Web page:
Take the supposed "30 minute delay" for Portsea. On a big tide day, at 30 minutes after the ebb slack at the Heads, the inward current through the Heads will be up around 1.5 knots (or 2.8 kph). The acceleration rate of the water around slack is roughly constant so the average current over the 30 minutes is 1.4 kph or 1,4000 m/hr.

A reasonable estimate for the cross section at the Heads is: (2.4km x 15m) = 36,000m2. So the volume of water coming in through the Heads for the 30 minutes we are talking about is around: 36,000 x 1,400/2 = 25,200,000m3 or 25.2 gigalitres (gL) .

Where does all this water go? Those claiming a 30 min delayed slack for Portsea (and say Pope's Eye) would want us to believe that somehow it all accumulates between those locations and the Heads. The surface area of this area is around 27km2 or 27,000,000m2.

To accumulate all the 25.2gL in this area would required a level rise of: 25,200,000/27,000,000 = 0.9m, and this isn't even accounting for a roughly similar rise due to the additional water that is supposed to be ebbing past Portsea and Pope's Eye in that same 30 minutes and adding to the water in the 27km2 zone. This would give a total rise of around 1.8m

The true 30 minute level rise as observed by tide gauges in the region is only around 0.15m, indicating only 4 gL is stored locally with the remaining 21 gL being pushed beyond Portsea and Pope's Eye during that 30 minutes. This indicates the delay in new flood stream reaching Portsea must be way less than 30 minutes.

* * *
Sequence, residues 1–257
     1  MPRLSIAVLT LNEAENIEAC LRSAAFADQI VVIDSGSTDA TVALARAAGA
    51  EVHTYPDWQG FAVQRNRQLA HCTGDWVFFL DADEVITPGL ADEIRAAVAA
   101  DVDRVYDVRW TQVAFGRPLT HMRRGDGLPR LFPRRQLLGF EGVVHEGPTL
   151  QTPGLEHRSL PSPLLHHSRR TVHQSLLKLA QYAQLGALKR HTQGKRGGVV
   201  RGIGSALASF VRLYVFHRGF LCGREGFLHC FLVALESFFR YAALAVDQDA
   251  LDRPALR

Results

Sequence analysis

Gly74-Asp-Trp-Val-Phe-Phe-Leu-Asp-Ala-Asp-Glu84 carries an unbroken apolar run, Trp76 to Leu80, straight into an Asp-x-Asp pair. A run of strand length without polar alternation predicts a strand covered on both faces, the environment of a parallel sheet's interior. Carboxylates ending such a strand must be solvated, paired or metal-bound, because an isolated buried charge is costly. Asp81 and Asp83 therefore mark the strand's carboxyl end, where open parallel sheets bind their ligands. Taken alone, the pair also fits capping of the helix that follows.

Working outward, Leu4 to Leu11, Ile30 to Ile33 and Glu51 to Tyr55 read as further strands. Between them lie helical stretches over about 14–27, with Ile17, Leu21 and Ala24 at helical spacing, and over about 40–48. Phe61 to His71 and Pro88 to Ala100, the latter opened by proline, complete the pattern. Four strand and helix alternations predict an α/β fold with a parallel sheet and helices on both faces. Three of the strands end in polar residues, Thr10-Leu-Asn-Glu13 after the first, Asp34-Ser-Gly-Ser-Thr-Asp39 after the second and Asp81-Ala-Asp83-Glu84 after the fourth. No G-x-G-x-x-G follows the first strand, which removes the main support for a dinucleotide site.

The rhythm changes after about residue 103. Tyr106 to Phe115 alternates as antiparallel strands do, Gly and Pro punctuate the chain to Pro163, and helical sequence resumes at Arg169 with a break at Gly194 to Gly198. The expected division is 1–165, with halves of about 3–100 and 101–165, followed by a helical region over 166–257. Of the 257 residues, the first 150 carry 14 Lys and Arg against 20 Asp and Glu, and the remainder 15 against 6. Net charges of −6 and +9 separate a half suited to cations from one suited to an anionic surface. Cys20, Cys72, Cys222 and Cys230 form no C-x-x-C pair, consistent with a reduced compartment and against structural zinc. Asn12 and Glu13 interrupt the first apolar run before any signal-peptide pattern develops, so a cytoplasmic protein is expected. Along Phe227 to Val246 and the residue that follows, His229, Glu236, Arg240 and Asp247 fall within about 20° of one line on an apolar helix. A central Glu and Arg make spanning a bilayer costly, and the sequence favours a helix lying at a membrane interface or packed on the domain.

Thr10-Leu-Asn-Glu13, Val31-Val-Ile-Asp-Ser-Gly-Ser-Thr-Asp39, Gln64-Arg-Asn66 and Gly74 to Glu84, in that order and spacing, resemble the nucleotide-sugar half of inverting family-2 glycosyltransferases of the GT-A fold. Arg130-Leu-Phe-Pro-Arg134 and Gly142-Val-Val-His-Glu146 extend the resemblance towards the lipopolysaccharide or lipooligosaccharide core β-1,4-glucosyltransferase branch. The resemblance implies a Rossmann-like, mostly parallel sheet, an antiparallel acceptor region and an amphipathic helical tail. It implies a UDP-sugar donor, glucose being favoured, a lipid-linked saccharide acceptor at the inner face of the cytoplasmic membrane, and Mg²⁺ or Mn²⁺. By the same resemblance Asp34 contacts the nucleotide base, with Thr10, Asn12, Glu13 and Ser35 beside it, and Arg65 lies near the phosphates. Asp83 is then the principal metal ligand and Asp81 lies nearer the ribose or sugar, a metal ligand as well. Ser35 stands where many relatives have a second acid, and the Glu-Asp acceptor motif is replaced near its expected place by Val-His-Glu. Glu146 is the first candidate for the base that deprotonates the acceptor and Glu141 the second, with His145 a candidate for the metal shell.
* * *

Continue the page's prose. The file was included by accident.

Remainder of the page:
Most experts put the Portsea or Pope's Eye slack water delay in the order of 5 minutes. The most tide savvy of the dive charter operators (Neal Walker) also says around 5 minutes. The other charter operators are also close to this number. Even the charter schedules show that when a Portsea Hole dive is scheduled, the boat always aims to depart the pier for the short run to the site well before slack is due at the Heads. Why do the dive shop owners have to go off and invent their own nonsense?

So the DIVA consensus so far is that they see my LDS's advice as unlikely to cause a diver any real harm. However the website is factually incorrect and anyone who uses the information exactly as given would put themselves at quite some risk.

My point is simply that this risk can be entirely eliminated by replacing the "false delay times" with more truthful ones. The added benefit is a better informed diving population that will reduced the spread of such unhelpful myths. They will also avoid the waste of time and money that occurs if you turn up at these dive sites at the wrong time.

I understand perfectly that in some cases a degree of risk has to be accepted where the cost of eliminating that risk is judged way too high in the context of a low event probability. However in this case the "cost of a fix" is roughly somewhere between zero and ten bucks. The dive shop cannot guarantee that EVERY diver's common sense will ALWAYS override the shop's own dangerous advice when they arrive at the actual dive site. Making the fix is really the only moral course.

From my perspective the dive shop manufactures and distributes a "product" (ie. dive timing advice). That product has been shown to be defective in hundreds of tests, and will be shown as defective in any real test the dive shop bothers to perform.

The responsible course of action should be to immediately withdraw the product from "sale" (ie. remove the disputed paragraphs), conduct an investigation (ie. bother to go to the shoreline and take a look), then issue a "product recall" (ie. draw customers attention to the faulty product), and finally perform a "product replacement" (ie. put up the correct slack water timing advice for those areas). That is how the dive shop should be behaving.